Episode-87: Sake Travel Episode 1: Osaka

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We’re kicking off a new semi-ongoing series this week!

Over the course of the past couple of years, in a world where international visitors have been largely restricted from entering Japan, we’ve been repeatedly getting a specific type of show topic request: sake travel.

For those that have been used to visiting Japan on relatively frequent occasion but have had their regular visits rudely interrupted, many are keen to make the most of their long-awaited return once they are finally permitted to make the trip.

For many others that have yet to tick Japan off of their bucket list, we’ve been contacted by a lot of listeners looking to remedy that as soon as they’re able, and make the most of their sake experiences here on the islands in the process.

In a world where the results of a Google search are often treated as the “best answer” to a majority of the world’s unanswered questions, a lot of the most accessible and exceptional sake experiences to be had all across Japan have yet to bubble to the surface. For this series, we decided to bring together regular Sake On Air hosts that have both passion for, and experience with specific regions of Japan, together with long-time locals and specialists in local travel, dining, and of course, sake, to offer our listeners some tips on how to go about making the most of their next sake journey in Japan.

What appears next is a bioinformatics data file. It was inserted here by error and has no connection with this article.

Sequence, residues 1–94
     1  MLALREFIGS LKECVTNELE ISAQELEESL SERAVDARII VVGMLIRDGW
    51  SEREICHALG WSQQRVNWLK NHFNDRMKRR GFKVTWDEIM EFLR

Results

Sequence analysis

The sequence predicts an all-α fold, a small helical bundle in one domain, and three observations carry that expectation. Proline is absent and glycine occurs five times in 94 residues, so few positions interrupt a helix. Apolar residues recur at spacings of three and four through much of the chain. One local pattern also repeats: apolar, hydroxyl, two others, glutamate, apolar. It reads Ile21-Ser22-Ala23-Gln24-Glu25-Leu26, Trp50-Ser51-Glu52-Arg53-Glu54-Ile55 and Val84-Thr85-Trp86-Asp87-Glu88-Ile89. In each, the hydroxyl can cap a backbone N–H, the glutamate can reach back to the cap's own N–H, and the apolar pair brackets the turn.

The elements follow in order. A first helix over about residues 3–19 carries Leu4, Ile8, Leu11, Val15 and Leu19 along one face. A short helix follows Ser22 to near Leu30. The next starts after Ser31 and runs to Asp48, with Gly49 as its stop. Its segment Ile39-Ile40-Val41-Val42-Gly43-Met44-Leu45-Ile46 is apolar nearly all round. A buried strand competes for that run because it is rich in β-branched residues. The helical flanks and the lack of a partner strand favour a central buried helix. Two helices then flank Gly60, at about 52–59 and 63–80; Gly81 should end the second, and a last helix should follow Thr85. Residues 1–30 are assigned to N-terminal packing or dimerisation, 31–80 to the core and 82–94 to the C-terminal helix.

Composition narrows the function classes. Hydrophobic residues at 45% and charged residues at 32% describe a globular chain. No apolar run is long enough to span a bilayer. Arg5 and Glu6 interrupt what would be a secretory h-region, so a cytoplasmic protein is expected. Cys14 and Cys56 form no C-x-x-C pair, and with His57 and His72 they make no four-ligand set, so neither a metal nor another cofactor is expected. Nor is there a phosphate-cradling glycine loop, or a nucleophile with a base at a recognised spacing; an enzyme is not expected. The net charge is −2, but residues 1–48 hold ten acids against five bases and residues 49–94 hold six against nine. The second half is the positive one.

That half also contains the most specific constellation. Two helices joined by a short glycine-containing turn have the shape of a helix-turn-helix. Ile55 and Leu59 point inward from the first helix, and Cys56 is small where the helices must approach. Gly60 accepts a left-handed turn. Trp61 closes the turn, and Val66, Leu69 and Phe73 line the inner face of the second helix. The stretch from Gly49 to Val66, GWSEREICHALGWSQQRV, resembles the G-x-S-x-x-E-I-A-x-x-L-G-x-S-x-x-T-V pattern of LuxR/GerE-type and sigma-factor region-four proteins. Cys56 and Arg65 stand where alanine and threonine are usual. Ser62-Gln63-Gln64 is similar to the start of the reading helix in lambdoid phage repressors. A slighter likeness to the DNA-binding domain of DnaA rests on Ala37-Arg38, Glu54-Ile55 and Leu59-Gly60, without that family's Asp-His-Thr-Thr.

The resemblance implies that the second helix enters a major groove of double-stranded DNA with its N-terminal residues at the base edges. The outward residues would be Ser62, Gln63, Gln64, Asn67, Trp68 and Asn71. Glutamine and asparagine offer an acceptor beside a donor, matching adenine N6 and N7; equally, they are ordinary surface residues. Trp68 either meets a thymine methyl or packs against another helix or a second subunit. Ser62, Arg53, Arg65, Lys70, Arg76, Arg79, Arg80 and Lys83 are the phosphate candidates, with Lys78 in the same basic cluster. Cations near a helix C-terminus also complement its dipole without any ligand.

To kick things off this week, show host Justin Potts is joined by long-time resident, musician, Sake Industry News editor, tour guide, and all-around exceptional sake advocate, Julian Houseman, to explore his home court in and around Osaka. Whether it’s taking advantage of your proximity to the legendary Nada and Itami regions and some of their iconic breweries, finding appreciation for the underappreciated Ikeda region, shopping for exceptional sake at legendary retailers like Yamanaka Sakenomise or Asano Nihonshuten, or running out to the suburbs for a visit to Daimon Brewery, Julian has more than a few suggestions for good times and great gastronomic discoveries in one of Japan’s most boisterous culinary metropolises.

As Julian mentions at the end of the episode, be sure to keep an eye out for his article introducing some Osaka’s must-visit sake bars run by exceptional okami-san in an upcoming issue of Sake Today.

You can continue to follow along with our own sake adventures at @sakeonair on InstagramTwitter, and Facebook, or if you’d like to share your thoughts or questions with the hosts, please reach out to us at questions@sakeonair.com.

We’ll be back next week for a visit to the next destination in our Sake Travel series.
Until then, kampai!

Sake On Air is made possible with the generous support of the Japan Sake & Shochu Makers Association and is broadcast from the Japan Sake & Shochu Information Center in Tokyo. The show is brought to you by Potts.K Productions with audio production by Frank Walter. Our theme, “Younger Today Than Tomorrow” was composed by forSomethingNew for Sake On Air.